Up to the anniversary date, Interjet’s fleet logged over than 12,000 flight hours and 11,400 cycles. The maximum utilization in one day was over 11 flight hours. Since EIS Interjet’s SSJ100 fleet confirmed outstanding results in terms of performance in the typical high-altitude environment of Mexico. According to the airline’s operational reliability report, the SSJ100 reports technical dispatch reliability at an average 99%. Over the year of operations, the SSJ100 fleet has not logged any cancellations due to technical reasons.
The fleet time leader is the first delivered SSJ100 (MSN 95023), which logged more than 2400 FH and 2300 FC starting from the EIS in September 18, 2013. Interjet has ordered 20 SSJ100s plus 10 options in the basic version with a 93-seats. The tenth SSJ100 aircraft has been delivered and it will be transferred from Italy to Mexico on October 3rd, 2014. Superjet is rightly proud of their aircraft at Interjet.
Superjet is reported to be working assiduously to get an order from Alitalia. Might Alitalia be interested in adding SSJs to their fleet? We feel that the size of the aircraft is not in line with the new fleet plans since joining the Etihad alliance. Alitalia’s current fleet situation is mainly due to their insistence in competing with LCCs on short haul, without having the same cost structure, instead of concentrating on the long range. Therefore we would expect that the fleet evolution will see the number of widebodies increasing while narrow bodies will decline.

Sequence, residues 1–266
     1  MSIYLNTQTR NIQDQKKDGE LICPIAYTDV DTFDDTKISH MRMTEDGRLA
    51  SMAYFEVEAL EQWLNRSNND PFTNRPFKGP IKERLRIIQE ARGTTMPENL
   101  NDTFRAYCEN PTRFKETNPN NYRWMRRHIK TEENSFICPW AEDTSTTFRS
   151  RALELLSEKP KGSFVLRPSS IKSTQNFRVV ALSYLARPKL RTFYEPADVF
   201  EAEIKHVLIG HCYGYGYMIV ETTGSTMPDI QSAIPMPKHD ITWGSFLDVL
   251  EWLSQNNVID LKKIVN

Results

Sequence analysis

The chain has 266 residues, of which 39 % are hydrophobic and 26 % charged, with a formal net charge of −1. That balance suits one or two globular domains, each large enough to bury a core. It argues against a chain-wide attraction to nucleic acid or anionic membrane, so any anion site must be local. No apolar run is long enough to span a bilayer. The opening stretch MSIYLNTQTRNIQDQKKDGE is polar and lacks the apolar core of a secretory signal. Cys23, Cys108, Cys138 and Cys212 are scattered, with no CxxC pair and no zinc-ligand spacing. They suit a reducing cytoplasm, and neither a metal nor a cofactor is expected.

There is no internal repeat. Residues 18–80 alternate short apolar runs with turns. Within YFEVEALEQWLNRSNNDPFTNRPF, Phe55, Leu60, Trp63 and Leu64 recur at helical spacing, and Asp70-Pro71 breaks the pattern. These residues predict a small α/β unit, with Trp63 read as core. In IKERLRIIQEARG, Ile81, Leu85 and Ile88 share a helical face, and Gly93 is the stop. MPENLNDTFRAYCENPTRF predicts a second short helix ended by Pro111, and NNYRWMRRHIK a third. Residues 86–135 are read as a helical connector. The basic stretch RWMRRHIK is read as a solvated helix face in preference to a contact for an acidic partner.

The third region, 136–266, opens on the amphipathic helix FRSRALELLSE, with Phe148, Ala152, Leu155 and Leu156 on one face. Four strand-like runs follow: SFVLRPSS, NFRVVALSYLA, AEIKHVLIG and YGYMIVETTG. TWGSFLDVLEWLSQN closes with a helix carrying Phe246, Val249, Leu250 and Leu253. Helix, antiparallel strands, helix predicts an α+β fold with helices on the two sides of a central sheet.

Since the Superjet is a 100-seater, and below the “usual” narrow body definition, it may be still useful for some point to point routes feeding the long haul flights. The key point for Alitalia would be to decide if they require a regional fleet. If the answer is positive then the SSJ-100 could demonstrate, for Alitalia operations, to provide economical service compared to the E-190 currently in the fleet.
The newer design, the fuel consumption and the cabin could be good factors in favor of the SSJ. Plus having the completion center and product support organization based in Italy could be another advantage. But, once again, these elements should be supported by a very compelling pricing gap in order to justify a fleet change.
Our sense is that the SSJ is technically good although to be deployed among EU-based airlines, may suffer some teething problem due to its clean sheet design. The question about the SSJ’s success will turn around the commercial and marketing aspects. In this regard the Interjet experience is very helpful.
There are three items of concern for a potential operator:
- It is still a new aircraft and engine design
- It is sold and supported by a multinational consortium with its first experience and building up its structure
- Although it has a very high Western content it is still perceived as Russian technology.
In order to be welcomed by a very conservative market (Europe) these three elements should be offset by a very aggressive marketing effort by SSJ team in terms of pricing, flexibility and support. We believe that an airline can only accept the risks posed to its operation by the three factors in presence of a large enough price difference over competitors and the provision of additional flexibilities by the manufacturer that would allow the operator to “test” and develop an appreciation of the aircraft.
Once the aircraft is more established in the market then terms of sale could get closer to those of the competitors. Again though, the positive Interjet experience is going to provide much of this. It would just be so much better if Interjet were EU-based rather than in Mexico in terms of marketing the aircraft in Europe.